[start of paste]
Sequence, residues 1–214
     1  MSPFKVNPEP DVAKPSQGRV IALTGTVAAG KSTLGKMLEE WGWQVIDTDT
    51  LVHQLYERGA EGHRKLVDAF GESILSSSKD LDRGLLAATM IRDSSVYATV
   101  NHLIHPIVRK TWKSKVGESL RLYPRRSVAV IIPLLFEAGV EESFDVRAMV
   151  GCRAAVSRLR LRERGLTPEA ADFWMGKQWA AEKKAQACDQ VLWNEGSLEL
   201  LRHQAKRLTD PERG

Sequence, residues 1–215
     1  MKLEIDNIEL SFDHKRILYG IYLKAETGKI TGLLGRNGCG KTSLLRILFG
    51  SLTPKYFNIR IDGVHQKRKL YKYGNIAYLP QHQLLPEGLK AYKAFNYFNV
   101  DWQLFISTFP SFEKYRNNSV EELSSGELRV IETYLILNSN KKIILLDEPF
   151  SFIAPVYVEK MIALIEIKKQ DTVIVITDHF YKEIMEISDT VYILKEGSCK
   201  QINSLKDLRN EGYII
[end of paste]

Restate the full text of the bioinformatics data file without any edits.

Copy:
Sequence, residues 1–214
     1  MSPFKVNPEP DVAKPSQGRV IALTGTVAAG KSTLGKMLEE WGWQVIDTDT
    51  LVHQLYERGA EGHRKLVDAF GESILSSSKD LDRGLLAATM IRDSSVYATV
   101  NHLIHPIVRK TWKSKVGESL RLYPRRSVAV IIPLLFEAGV EESFDVRAMV
   151  GCRAAVSRLR LRERGLTPEA ADFWMGKQWA AEKKAQACDQ VLWNEGSLEL
   201  LRHQAKRLTD PERG

Sequence, residues 1–215
     1  MKLEIDNIEL SFDHKRILYG IYLKAETGKI TGLLGRNGCG KTSLLRILFG
    51  SLTPKYFNIR IDGVHQKRKL YKYGNIAYLP QHQLLPEGLK AYKAFNYFNV
   101  DWQLFISTFP SFEKYRNNSV EELSSGELRV IETYLILNSN KKIILLDEPF
   151  SFIAPVYVEK MIALIEIKKQ DTVIVITDHF YKEIMEISDT VYILKEGSCK
   201  QINSLKDLRN EGYII